'Public backs' child car smoking ban, says MSP
Most Scots would back a ban on smoking in cars when children are present, according to a survey by an MSP.
Lib Dem Jim Hume wants to introduce a members bill at the Scottish Parliament which would bring in a ban, and is calling for MSPs to back his plans.
The South of Scotland MSP said the public response to his consultation showed an appetite for the legislation.
The position puts him at odds with the Deputy Prime Minister Nick Clegg, who said enforcing a ban would not work.
Mr Hume said the majority of the 161 responses to his consultation showed public backed the crackdown.
He said: "Many of the charities, individuals and health professionals who have backed my proposals recognise that this is about giving children the best start in life.
"It doesn't seem fair that a child should be cooped up in a smoke-filled car during the school run.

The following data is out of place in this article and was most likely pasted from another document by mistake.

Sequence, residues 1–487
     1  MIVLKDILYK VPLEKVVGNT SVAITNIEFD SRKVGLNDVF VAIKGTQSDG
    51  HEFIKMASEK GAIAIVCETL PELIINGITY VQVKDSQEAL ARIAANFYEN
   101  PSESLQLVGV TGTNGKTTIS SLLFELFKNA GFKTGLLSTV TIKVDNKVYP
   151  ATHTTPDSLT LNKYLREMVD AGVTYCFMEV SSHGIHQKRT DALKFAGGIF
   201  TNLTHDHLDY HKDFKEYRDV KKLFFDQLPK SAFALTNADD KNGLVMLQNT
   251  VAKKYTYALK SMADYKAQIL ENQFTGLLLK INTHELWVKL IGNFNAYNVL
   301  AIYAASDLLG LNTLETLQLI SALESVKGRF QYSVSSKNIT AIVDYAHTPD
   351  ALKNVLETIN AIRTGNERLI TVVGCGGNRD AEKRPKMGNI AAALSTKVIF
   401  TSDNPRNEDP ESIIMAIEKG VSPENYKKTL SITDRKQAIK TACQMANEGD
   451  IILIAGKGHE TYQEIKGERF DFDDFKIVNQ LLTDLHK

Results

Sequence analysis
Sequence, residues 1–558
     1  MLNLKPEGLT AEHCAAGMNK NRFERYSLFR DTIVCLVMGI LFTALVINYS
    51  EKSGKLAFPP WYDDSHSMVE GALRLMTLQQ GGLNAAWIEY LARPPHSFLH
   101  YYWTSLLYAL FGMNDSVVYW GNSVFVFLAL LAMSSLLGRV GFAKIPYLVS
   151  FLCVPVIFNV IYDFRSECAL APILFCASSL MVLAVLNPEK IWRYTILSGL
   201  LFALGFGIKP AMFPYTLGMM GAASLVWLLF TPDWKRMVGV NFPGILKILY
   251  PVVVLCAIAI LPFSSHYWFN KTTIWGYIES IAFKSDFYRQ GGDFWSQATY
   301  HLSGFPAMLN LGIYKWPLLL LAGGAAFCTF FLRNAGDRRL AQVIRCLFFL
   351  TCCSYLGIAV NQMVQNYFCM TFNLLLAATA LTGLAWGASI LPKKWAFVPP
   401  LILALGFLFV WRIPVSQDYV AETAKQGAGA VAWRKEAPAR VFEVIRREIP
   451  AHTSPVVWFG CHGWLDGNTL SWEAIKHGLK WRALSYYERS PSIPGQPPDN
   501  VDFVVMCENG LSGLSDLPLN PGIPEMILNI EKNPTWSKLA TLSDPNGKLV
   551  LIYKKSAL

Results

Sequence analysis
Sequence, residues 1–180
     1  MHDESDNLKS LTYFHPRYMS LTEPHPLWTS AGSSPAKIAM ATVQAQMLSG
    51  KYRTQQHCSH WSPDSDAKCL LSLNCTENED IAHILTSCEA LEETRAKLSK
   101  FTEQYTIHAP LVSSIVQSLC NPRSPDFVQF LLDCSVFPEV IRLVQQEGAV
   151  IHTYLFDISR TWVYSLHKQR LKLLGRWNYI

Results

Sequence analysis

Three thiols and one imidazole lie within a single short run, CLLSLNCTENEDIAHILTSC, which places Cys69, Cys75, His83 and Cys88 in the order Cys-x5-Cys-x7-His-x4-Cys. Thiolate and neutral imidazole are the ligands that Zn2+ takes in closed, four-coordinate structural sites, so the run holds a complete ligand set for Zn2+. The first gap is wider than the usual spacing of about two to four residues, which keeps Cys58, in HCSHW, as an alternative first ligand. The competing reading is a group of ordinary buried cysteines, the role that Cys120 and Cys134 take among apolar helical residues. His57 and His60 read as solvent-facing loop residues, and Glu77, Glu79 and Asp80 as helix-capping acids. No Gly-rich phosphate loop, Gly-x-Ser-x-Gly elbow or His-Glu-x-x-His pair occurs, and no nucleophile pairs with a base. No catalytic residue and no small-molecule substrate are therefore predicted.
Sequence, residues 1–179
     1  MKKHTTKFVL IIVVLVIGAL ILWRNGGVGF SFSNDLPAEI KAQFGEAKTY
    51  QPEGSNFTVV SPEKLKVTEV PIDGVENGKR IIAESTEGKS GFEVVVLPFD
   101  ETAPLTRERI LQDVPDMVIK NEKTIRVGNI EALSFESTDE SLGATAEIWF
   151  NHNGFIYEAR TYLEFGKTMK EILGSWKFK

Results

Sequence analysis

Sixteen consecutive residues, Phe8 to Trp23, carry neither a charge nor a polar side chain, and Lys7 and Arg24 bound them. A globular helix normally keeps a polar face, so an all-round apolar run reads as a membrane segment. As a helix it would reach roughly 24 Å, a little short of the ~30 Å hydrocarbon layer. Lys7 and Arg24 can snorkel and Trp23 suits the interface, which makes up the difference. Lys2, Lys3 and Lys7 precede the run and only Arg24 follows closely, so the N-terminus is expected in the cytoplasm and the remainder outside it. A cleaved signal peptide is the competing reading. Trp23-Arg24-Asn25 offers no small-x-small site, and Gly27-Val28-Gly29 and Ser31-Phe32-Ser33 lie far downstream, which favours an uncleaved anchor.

"Those children cannot change their means of transport, let alone take steps to immediately remove themselves from the uncomfortable confines of a smoke-filled car."
Mr Hume lodged draft proposals for a bill in May last year calling for a ban in Scotland on smoking in private vehicles while a child under 16 is present.
Motorists could potentially be fined £60 for breaching the rule.
The consultation responses were split among 88 sent to Mr Hume and 73 completed through an online survey by the British Heart Foundation.
It showed 75% supported the plan, rising to 84% when the survey was included.
Some concern was raised about how officers would be able to identify the age of passengers and the age of the offender. Police would have to look out for cigarettes and children, alongside seatbelts and mobile phones.
The Tobacco Manufacturers' Association and smokers' lobby group Forest said the plan was a disproportionate response to a relatively rare problem.
Labour wants to establish UK government powers to make smoking with children in the car an offence. The move could become law because of suggestions that MPs will be given a free vote on the issue when the Children and Families Bill returns to the Commons.
But the moves clashes with Lib Dem leader Nick Clegg. The Deputy Prime Minister, speaking on LBC 97.3 radio's Call Clegg show, said: "I don't personally think that it is going to work to pass a law.
"I am quite an old-fashioned liberal and I think you shouldn't legislate unless you think it is going to make a difference, and I don't see how this is going to be enforced."